The Last Roll of Film
Last fall Todd and I cleaned out the area of our basement we call the gear room. It has our scuba gear, camping gear, boating gear, all kinds of gear. It also has his wine collection. Over time it got super messy in there, to the point where walking to the back of the room was impassable. I was embarrassed any time we had people over and Todd took them down there to pick out wine.
We Marie Kondo-ed this room before Marie Kondo became all the rage. We didn’t ask if things brought us joy. Instead we pointed finders and asked “What the hell are you even keeping this for?” We carted bags of things to the donation bin down the street. And then there was a pile of items I placed on a shelf and listed to sell on Facebook Marketplace.
I love to sell things on Facebook Marketplace. I’ve done it quite a bit. I’ve worked out methods for making sure I’m not getting scammed. I don’t accept checks, cash only. I meet my buyers at public places, typically at the police station. I list my items and then my phone blows up with Facebook Messenger dings with people who are interested in my items. Inevitably I get people who offer me less than half the asking price for my item. The conversation normally goes like this:
Me: Item is $100.
Interested person: I’ll offer you $40, cash.
Me: I will accept $100, cash.
I don’t get why adding “cash” to their offer is supposed to make it more enticing. Like, I’m not going to accept bitcoin. But if someone’s willing to offer me magic beans in exchange for my old sail winches I might consider it.
One day over the winter I got a response on an old hand held jig saw I posted for $10. Todd and I were going to be at the marina all day covering Sabine for the winter. The guy who responded to my listing had the username King Pukie. He sent me a message through Facebook messenger to tell me he arrived at the marina. I told him to look for the white Chevy Silverado pickup truck with the cap on the bed. He told me to look for the tan Camry.
Sure enough, I saw the tan Camry. And then I said the one of the most awkward things I’d ever said to someone. But in the Facebook Marketplace world something like this is completely normal.
I walked up to the car “Excuse me, are you King Pukie?”
“Yes I am,” he smiled back at me. Are you proud to be called King Pukie? We walked over to an electrical outlet so I could plug in the saw and demonstrate that it works. He handed me the $10, I gave him the saw and then King Pukie drove away. My Facebook Marketplace exchanges typically look like this.
One of the items I listed for sale is my film camera. I don’t use film anymore. I think my 80 year old Dad is one of 8 people left in the world who still uses film. I changed the battery on the camera and noticed that there was still a roll of film in it. When did I ever use this camera last? I haven’t used it since we lived in this house, and that’s been almost 11 years. What could possibly be on this film?
I dropped it off at CVS. CVS doesn’t even have the in house film developing machine anymore that’s how long film’s been out of the picture. They have to send out your rolls of film now. But when I got the pictures back, a week later, they included a DVD of the pictures. I remember when that was an extra thing you paid for back when I was getting film developed.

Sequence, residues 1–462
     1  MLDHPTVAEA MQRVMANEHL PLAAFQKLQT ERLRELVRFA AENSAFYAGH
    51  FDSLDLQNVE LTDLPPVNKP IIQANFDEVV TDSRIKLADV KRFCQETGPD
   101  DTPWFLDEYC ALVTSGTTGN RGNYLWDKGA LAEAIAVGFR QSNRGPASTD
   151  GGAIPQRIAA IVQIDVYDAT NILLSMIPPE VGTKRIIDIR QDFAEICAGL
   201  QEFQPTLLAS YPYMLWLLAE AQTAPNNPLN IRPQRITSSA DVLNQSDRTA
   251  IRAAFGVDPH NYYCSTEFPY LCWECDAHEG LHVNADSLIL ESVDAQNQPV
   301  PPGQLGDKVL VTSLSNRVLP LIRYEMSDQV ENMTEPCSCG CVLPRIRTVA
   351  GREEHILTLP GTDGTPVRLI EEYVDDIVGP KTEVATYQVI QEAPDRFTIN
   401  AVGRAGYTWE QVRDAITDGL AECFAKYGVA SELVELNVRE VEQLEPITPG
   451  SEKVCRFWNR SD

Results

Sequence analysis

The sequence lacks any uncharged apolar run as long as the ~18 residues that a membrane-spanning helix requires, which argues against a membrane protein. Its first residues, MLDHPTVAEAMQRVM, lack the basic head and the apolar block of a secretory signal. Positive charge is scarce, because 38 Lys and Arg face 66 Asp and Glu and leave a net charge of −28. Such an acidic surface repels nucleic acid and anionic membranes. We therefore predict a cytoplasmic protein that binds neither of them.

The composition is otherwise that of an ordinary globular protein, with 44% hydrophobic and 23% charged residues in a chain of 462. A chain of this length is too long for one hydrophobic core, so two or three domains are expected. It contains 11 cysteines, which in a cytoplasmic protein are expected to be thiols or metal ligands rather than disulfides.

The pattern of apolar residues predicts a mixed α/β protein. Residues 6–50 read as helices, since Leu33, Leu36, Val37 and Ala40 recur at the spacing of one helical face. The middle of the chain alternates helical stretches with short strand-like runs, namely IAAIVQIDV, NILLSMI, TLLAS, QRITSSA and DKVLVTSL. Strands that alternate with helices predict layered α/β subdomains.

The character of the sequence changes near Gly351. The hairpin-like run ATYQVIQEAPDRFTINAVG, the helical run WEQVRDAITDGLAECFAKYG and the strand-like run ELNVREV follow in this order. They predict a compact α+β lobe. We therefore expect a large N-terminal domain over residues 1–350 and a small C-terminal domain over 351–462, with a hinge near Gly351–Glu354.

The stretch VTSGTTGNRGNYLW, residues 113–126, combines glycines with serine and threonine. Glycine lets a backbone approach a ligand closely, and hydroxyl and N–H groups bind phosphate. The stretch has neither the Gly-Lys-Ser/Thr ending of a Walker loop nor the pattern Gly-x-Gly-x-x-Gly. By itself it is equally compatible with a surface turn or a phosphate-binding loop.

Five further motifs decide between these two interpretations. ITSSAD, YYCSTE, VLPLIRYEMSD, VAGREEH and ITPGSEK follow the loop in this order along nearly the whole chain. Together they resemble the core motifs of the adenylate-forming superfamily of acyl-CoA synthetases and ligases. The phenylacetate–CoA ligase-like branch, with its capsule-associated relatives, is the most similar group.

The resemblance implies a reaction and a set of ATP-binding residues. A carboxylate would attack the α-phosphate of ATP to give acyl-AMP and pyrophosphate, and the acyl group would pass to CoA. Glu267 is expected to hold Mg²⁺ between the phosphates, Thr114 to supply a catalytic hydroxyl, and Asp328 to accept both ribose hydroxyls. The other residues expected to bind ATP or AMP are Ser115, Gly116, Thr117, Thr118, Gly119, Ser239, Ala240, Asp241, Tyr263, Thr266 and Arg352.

When I opened the envelope I saw that there were pictures from a party I think we threw in 2007. It was February and Todd and I decided we’d throw a Caribbean themed party to chase winter away. We decorated our old house with palm fronds and inflatable jungle animals. We bought coconut bikini tops and grass skirts that we’d all put on over our jeans and sweaters. We slung leis over our friends’ necks as they came in.
But the thing that really struck me was the people in the pictures. David and Tonya were there, they aren’t together anymore. They’ve since divorced and married other people. David lives in Virginia now, I think? We still bump into Tonya here and there. John and Jen were in the pictures too. Jen fell off of our map when she was diagnosed with cancer. John stayed at her side through it all. Cancer finally took Jen in 2017. It took it a good 10 years to take her, as Jen was such a badass.
Every so often we’d bump into Jen. But it was awkward. I think she was trying to distance herself as the cancer slowly did it’s terrible job on her. John held a memorial for her at the yacht club. We aren’t members, but he is. We nibbled on cheese and crackers, looked at pictures of her and remembered her. Her elderly parents flew in from Kansas, we hadn’t ever met them until Jen died.
Jen was on this roll of film. It was just after she and John had gotten married. Before cancer would point it’s gnarled finger at her. She was gorgeous and full of life, smiling her beaming smile in the picture. She's on the right and Tonya is on the left.
I have thousands of pictures stored in my phone. But there’s something very different about holding a print from film in my hands. It brings me back to that cold day in February, when our friends gathered with us to help us stick a middle finger up at winter and drink rum punch out of coconut cups. It’s evidence that these people existed in my life, that this party happened. I am thankful to have known Jen, if only for a little while.
added on 02.15.19